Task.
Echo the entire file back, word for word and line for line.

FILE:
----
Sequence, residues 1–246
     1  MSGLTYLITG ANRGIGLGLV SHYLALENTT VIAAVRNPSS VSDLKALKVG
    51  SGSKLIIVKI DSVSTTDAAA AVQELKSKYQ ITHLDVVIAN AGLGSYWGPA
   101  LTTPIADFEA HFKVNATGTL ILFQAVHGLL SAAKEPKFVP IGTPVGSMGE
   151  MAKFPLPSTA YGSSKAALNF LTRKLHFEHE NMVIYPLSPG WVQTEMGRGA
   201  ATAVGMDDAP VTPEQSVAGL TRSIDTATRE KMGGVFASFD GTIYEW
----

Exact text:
Sequence, residues 1–246
     1  MSGLTYLITG ANRGIGLGLV SHYLALENTT VIAAVRNPSS VSDLKALKVG
    51  SGSKLIIVKI DSVSTTDAAA AVQELKSKYQ ITHLDVVIAN AGLGSYWGPA
   101  LTTPIADFEA HFKVNATGTL ILFQAVHGLL SAAKEPKFVP IGTPVGSMGE
   151  MAKFPLPSTA YGSSKAALNF LTRKLHFEHE NMVIYPLSPG WVQTEMGRGA
   201  ATAVGMDDAP VTPEQSVAGL TRSIDTATRE KMGGVFASFD GTIYEW